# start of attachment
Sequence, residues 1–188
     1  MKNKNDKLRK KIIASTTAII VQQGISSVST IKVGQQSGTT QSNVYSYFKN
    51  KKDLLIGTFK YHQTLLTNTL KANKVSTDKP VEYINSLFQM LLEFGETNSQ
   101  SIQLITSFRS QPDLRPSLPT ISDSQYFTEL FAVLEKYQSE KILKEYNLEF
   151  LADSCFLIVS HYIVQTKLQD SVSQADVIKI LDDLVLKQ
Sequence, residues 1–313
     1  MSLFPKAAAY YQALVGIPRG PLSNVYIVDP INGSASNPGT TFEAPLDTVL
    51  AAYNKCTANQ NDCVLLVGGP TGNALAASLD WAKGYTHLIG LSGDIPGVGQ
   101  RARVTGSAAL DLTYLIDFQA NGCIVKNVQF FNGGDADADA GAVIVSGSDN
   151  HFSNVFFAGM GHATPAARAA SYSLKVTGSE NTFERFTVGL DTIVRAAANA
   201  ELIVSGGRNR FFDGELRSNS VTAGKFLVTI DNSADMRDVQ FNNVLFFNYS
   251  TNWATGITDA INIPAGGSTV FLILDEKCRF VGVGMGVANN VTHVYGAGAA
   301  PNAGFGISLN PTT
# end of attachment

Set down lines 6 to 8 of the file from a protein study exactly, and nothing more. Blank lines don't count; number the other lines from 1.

Sequence, residues 1–313
     1  MSLFPKAAAY YQALVGIPRG PLSNVYIVDP INGSASNPGT TFEAPLDTVL
    51  AAYNKCTANQ NDCVLLVGGP TGNALAASLD WAKGYTHLIG LSGDIPGVGQ